Student residences sold unit by unit by developers are on the rise. Their assets: high return, sometimes guaranteed, relatively small investment, optimal well-being for students and ideal location. But there are risks on this market, as on that of ‘old-style’ student digs.
1. Supply could exceed demand
With the arrival of large-scale operators on the student accommodation market, supply currently seems to be keeping up with demand, or very nearly so. According to Nicolas Vincent, co-founder of BuyerSide, “it is even becoming a little worrying at Delta (one of the ULB campuses): I would no longer push an investor, given the many student residences to be found there now.”
2. Price competition
If the supply is sufficient, “competition will occur between the players, ultimately putting pressure on prices.” And therefore pressure on returns, whether it is a matter of digs in a residence or in an old building. “The competition does not just come from student residences: flat-sharing, for which there are now specific leases in Wallonia and Brussels, is sometimes less expensive than student digs.”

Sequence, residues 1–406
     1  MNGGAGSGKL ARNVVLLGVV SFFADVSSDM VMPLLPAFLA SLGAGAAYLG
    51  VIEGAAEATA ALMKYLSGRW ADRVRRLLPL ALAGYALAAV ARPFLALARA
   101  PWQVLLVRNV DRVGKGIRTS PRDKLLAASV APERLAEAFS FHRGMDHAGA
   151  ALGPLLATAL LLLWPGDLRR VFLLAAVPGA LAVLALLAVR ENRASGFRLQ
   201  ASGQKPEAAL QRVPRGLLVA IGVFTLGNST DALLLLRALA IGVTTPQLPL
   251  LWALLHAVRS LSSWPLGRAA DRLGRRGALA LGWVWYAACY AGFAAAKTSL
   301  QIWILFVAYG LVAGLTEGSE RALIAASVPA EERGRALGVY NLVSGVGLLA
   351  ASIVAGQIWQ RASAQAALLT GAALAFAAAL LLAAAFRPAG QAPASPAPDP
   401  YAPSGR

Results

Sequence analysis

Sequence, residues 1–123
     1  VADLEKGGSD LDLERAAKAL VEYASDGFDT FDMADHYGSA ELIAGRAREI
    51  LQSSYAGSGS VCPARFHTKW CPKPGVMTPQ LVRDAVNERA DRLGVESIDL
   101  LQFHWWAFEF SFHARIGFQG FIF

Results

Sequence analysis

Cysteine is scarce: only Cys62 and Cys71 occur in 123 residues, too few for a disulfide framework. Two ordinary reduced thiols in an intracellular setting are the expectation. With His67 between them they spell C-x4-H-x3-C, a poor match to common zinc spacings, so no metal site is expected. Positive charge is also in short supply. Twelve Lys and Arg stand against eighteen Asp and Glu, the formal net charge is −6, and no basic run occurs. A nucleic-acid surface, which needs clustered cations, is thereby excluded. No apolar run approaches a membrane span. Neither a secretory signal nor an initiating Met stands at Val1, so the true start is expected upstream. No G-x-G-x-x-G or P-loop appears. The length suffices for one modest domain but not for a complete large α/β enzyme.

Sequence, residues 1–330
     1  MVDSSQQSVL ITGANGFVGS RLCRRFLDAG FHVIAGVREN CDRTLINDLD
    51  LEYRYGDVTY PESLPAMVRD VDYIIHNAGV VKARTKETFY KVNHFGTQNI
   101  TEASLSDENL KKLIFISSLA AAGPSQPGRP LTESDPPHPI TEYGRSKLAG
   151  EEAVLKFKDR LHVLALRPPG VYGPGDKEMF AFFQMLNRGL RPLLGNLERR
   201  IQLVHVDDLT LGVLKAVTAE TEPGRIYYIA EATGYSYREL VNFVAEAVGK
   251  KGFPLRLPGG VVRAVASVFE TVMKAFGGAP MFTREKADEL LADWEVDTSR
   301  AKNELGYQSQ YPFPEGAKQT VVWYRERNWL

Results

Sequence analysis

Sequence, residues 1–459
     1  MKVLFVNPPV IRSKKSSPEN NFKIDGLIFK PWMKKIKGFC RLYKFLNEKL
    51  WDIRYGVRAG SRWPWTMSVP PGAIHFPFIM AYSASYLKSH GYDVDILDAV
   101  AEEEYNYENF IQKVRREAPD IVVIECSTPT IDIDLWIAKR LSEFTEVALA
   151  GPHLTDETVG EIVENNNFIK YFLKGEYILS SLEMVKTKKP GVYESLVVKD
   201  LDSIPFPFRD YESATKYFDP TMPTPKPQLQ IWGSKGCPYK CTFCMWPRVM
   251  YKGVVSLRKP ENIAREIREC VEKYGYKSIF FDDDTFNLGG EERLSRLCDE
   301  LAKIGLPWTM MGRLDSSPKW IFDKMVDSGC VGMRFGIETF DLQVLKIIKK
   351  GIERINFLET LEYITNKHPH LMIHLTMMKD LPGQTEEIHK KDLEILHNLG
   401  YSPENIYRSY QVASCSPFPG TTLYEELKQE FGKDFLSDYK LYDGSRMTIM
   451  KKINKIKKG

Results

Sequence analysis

3. The new student lease
Wallonia and the Brussels-Capital Region have recently introduced the student lease into their housing code. Adrian Devos, BuyerSide partner: “This lease offers students the advantage of flexibility, particularly as regards the early termination of the lease. Any rental vacancy created by this termination impacts directly on the return. However, this problem does not arise with guaranteed return investment products.
4. The return on student digs compared with an apartment
In comparison with the price of apartments, Nicolas Vincent believes that student residences sold to private individuals unit by unit are relatively expensive. “Moreover, the return, when guaranteed, usually lies between 3.5 and 4% gross, whereas for conventional apartments you would be aiming for 4 to 4.5%.”
5. The reliability of the property manager
When buying student digs unit by unit in a residence, the question is whether the operator will continue to invest correctly. It cannot be ruled out that in ten to fifteen years’ time, the joint owners have to consent to major renovation expenses which will eat into the return they have obtained in previous years. What is more, it can sometimes be difficult to reach agreement with the other joint owners on the investment to be made in the communal areas.